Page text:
Dynamic Brain workshop 2016

Last two weeks I have spend in an amazing place in Friday Harbor Labs around Seattle. I participated at the course co-organized by Allen Institute and University of Washington. It was an amazing place, where together with many PhD students and post-docs from all over the world learned how to analyze the complex datasets recorded the mouse brain to better understand vision and connectivity. We learned how to use Python and got access to the terabytes of fresh neuroscience data! All students made wonderful one-week projects, with the topics ranging from network modeling and data-analysis to brain-connectivity visualization.

Short review of our activity is present here:


In our project we looked into coding properties of V1 neurons during presentation of the visual stimuli in vivo. We tried to decode the stimulus characteristics such as the direction of the drifting gratings, based on neural activity in the visual cortex. We found that application of the novel spike-sorting algorithm to the noisy Ca-imaging data from Allen Brain Observatory could significantly improve the decoding performance . The preliminary results already sound promising, reliable performance with 70% accuracy based on inferred spikes, it is 10% better than decoding based on Ca signals themselves. If spike extraction would work properly, it would allow to apply all the repertoire of technics to analyze firing-patterns to get better idea into features computed in the visual cortex. I am looking forward to check our findings with larger data-sets to make the firm conclusion.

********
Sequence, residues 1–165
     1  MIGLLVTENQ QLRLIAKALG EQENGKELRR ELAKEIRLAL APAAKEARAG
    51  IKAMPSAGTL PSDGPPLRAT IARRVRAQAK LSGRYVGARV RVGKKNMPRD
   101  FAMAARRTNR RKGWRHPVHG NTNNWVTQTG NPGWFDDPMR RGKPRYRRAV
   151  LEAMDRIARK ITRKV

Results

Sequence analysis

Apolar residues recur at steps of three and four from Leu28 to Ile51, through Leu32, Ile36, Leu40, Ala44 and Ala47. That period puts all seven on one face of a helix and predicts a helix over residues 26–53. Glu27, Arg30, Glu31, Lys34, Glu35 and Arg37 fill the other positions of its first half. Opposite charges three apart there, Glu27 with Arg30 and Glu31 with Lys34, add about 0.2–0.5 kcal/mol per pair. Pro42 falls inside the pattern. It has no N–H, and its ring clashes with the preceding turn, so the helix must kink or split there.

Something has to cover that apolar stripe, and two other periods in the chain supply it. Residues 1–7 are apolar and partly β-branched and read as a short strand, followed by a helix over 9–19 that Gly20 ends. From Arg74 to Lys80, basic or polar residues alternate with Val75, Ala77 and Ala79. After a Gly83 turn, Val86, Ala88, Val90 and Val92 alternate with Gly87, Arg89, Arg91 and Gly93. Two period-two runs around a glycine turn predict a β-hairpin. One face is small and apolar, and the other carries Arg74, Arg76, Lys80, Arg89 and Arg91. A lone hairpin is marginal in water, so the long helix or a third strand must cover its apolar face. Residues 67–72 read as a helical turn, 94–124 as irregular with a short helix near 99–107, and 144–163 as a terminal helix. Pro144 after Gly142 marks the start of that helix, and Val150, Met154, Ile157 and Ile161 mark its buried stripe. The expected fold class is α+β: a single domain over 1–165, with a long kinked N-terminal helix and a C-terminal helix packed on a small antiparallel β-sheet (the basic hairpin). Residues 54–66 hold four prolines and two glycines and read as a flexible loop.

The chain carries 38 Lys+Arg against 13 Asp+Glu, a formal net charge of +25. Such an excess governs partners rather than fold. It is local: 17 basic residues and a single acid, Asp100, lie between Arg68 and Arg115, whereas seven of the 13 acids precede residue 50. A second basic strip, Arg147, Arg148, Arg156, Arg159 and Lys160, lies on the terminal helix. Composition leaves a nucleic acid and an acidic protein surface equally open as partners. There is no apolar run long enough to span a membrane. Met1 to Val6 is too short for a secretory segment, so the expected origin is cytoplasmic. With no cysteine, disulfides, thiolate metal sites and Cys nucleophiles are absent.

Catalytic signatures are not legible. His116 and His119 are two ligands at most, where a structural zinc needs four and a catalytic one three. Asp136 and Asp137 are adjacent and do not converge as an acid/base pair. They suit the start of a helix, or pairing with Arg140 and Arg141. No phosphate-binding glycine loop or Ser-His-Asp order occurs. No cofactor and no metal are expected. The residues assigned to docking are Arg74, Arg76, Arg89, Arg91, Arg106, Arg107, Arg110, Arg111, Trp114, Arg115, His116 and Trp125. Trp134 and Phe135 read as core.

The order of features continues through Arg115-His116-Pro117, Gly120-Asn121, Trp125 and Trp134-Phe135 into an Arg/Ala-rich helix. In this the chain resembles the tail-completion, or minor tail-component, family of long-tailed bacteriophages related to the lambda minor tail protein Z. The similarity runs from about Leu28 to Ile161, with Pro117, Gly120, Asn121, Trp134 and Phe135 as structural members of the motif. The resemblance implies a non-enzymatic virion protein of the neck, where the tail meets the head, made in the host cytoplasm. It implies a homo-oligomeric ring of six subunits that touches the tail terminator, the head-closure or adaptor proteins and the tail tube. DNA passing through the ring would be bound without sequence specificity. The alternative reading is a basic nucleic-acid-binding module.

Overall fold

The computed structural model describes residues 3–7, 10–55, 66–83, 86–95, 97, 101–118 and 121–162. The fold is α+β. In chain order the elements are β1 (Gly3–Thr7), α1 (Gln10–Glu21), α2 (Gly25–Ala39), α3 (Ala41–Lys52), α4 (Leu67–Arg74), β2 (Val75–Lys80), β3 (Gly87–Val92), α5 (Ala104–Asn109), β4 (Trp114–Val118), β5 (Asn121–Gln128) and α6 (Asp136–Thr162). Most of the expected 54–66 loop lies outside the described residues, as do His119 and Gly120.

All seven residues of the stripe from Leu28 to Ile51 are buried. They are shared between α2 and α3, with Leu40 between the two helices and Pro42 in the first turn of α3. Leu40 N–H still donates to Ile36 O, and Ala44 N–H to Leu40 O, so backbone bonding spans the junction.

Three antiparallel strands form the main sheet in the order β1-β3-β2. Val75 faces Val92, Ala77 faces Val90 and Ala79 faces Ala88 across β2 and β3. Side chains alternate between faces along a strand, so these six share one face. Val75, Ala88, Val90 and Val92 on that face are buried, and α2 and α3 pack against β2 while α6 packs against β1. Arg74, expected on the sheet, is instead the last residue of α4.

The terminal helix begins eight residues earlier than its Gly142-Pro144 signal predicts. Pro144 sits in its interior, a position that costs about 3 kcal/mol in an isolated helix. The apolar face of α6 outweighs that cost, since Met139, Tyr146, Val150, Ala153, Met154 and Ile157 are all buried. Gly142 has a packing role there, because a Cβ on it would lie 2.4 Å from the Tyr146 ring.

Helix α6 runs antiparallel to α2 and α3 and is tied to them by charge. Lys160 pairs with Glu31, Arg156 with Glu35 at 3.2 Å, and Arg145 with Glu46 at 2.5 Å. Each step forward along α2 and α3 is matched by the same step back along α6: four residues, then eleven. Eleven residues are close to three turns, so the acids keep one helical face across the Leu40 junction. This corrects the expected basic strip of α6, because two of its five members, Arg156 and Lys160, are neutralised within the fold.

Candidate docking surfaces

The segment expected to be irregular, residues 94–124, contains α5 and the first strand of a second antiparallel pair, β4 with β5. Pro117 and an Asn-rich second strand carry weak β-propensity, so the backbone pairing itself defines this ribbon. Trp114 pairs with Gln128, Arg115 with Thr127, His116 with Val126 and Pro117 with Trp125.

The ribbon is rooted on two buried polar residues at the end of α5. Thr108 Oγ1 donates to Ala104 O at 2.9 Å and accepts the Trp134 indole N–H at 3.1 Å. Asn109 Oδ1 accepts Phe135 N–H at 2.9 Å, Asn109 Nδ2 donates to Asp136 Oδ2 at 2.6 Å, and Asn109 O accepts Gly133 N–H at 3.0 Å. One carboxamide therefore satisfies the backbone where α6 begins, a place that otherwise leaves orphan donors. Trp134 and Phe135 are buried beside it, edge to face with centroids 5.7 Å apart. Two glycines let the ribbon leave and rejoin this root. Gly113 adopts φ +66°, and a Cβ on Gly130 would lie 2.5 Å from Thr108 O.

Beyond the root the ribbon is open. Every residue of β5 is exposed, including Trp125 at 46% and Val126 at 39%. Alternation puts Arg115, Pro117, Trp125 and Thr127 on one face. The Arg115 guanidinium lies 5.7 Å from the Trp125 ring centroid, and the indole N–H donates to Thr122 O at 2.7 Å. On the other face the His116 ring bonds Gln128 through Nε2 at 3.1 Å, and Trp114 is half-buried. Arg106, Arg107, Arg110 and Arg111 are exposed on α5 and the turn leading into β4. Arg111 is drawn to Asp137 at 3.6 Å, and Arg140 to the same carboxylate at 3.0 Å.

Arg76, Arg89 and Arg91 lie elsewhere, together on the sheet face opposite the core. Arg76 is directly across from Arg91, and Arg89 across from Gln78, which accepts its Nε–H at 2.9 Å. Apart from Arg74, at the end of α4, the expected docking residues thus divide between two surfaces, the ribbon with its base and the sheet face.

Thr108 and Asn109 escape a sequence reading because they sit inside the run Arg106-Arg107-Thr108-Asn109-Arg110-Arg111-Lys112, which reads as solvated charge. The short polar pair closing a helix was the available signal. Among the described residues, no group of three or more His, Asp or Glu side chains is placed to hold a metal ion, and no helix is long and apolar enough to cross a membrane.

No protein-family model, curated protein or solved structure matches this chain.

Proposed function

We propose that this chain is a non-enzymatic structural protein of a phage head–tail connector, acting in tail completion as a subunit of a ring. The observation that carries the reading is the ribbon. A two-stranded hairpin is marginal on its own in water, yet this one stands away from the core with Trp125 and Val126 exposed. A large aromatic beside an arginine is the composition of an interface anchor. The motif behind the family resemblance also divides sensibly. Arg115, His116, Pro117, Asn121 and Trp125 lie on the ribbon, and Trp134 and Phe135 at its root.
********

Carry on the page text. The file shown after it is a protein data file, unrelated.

P. S. By the wonderful coincidence the Green Fluorescent Protein (GFP) has been discovered there in Friday Haror Labs, partially by Osamu Shimomura (https://en.wikipedia.org/wiki/Osamu_Shimomura). It was absolutely fascinating to see the bioluminescent jelly-fishes and sparking plankton at night. Sparse bursts of fluorescent jellies and plankton we saw during the night were essentially similar to the neuron discharges we analyzed in mouse cortex during vision! All neurons of the transgenic mouse we studied have the same protein genetically encoded by GCamp-f vector. It was absolutely fascinating to see this wonderful coincidence, which I guess was prepared by the organizers :)

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